I'm not sure that would make much of a difference, though, would it? I mean, isn't the objection that the Avengers didn't know that there was a connection of that kind, and that therefore Iron Man's attack is too much of a stroke of luck? I mean, even if the audience gets to see in advance that the connection is there, I don't see how it mitigates this being a lucky blow.

My argument is that the fact of it being a lucky blow doesn't matter. It would matter if the nuke was, in fact, the decisive element in the battle (our heroes shouldn't win because of mere luck, unless you're telling a rather different kind of story). But because it's just a bit of bonus alien killage, I don't see the problem.

Think of it this way. If you came to the climax of a western and you have a big duel-scene between the hero and the villain. The two men draw and fire simultaneously and both miss their targets. But the good guy's bullet carries on past the bad guy, hits what looks like a harmless barrel outside a store: the barrel turns out to be full of gunpowder; it explodes and a piece of wood from the barrel slams into the bad guy's head and kills him. Now, that would be a sucky ending (unless it was a comedy western). You'd think "hey, that's just a piece of crappy luck! There's no way the hero knew that hitting that barrel could do that!"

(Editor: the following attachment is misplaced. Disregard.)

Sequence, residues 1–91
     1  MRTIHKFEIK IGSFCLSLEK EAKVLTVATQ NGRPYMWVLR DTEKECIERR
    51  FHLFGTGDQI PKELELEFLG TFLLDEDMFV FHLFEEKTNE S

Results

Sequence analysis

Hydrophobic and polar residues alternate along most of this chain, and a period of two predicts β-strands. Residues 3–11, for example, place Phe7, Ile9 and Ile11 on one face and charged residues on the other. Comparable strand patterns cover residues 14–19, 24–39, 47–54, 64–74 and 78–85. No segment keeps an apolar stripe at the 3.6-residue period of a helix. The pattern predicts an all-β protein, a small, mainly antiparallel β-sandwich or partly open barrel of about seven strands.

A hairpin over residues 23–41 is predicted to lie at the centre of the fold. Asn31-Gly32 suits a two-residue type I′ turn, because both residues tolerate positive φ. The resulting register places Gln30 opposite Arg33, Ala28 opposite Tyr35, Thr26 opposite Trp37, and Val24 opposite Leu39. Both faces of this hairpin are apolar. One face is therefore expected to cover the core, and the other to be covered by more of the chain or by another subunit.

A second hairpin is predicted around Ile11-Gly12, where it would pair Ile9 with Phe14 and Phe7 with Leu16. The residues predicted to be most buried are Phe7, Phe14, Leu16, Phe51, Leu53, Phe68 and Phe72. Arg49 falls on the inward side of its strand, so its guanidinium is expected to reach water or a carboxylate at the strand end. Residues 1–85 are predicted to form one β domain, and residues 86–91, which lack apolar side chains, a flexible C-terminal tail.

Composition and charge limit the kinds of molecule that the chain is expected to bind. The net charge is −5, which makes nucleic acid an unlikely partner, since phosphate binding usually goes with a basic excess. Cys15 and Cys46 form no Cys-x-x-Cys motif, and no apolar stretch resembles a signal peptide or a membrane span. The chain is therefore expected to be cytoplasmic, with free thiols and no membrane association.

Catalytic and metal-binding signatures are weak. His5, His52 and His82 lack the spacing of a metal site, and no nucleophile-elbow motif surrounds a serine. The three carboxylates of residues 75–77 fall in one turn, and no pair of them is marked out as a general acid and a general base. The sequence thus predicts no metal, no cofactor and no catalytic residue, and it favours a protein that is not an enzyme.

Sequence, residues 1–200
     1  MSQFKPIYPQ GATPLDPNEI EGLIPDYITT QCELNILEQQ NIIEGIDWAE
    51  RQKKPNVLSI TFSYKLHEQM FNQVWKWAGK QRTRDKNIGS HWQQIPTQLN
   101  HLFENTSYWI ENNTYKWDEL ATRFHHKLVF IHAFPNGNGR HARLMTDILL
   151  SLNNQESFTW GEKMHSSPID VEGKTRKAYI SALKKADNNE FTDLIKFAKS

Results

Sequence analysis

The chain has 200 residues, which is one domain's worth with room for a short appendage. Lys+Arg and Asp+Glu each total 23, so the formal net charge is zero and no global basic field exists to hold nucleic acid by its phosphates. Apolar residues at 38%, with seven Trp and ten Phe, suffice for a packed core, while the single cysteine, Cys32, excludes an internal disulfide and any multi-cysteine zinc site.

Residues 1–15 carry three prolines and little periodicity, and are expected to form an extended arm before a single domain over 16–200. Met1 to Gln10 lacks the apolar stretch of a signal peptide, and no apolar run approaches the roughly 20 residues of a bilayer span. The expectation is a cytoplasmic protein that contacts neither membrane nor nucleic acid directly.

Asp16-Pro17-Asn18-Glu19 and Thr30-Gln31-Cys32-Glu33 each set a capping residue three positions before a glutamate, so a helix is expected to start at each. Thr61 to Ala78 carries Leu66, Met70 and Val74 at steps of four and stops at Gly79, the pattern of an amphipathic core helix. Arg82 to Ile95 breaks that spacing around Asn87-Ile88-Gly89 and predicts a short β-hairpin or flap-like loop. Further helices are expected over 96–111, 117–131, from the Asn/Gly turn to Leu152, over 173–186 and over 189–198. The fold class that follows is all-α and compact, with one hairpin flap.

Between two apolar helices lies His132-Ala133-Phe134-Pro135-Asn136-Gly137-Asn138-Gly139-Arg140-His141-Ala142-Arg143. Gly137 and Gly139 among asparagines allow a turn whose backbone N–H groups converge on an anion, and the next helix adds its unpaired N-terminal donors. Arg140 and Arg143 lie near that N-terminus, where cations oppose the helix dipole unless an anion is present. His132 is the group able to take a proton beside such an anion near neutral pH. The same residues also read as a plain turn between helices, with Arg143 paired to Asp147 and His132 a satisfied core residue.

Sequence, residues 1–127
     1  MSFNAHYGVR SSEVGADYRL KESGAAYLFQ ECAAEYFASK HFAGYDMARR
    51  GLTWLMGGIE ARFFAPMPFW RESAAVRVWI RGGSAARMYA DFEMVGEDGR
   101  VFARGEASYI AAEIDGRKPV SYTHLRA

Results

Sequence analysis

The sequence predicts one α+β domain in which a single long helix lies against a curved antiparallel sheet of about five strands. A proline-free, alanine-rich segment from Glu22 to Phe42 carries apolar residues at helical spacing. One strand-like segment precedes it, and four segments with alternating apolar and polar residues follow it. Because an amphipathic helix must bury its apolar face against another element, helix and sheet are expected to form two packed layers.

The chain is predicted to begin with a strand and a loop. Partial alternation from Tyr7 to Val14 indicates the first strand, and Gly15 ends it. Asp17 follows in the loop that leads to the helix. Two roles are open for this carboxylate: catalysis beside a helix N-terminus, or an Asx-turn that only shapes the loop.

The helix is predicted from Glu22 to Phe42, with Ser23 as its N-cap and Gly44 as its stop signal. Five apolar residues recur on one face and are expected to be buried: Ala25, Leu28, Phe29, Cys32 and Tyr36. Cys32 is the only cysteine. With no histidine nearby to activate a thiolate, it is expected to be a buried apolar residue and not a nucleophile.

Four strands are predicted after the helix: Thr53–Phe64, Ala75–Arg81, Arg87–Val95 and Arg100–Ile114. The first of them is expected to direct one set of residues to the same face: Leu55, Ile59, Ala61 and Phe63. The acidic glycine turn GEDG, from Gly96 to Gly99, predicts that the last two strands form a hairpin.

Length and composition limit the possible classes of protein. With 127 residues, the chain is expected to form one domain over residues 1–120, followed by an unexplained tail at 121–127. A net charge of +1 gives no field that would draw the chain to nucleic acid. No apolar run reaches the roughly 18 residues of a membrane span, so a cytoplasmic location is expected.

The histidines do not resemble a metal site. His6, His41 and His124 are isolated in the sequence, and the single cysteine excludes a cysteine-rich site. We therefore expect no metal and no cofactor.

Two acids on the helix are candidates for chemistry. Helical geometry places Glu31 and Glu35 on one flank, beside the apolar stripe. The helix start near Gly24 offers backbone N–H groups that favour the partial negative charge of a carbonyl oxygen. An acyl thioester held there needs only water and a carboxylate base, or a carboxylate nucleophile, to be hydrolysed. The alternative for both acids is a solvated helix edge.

But play the scene again. Have your hero outdraw the bad guy and shoot him plumb between the eyes. Yay! Goodness triumphs! Victory is ours! And as the bad guy falls to the ground, he clutches convulsively at his gun and fires off a round that--oh irony--kills one of his evil henchmen. That seems to me analogous to the situation in The Avengers. It's not as if the killing or not killing of the evil henchman is crucial to the plot. We knew that once our hero won the duel the contest was over and that the evil henchman would be dealt with one way or the other. It's just a bonus piece of "take that, ya bastards!" for the audience to enjoy.

Truly, I adored it.

All right. We'll let you live. This time.
The only thing that bothered me about that scene was the gravity in space. By bothered I mean I grinned and then ate some popcorn.
I assumed the "gravity" was actually Earth's gravity passing through the portal.
Yep, still more bothered about the wormhole/gravity stuff than the mothership - I felt the huge flying dragon ship things were reasonable grounds to believe that chitauri have emotional or psychic links to their big beasty vehicles.
Different laws of physics in the other dimension meant the wormhole could do what Joss wanted. Probably.
I assumed Iron Man was pushed back toward the Earth by the force of the nuclear blast, and then when he passed through the portal, Earth's gravity grabbed him.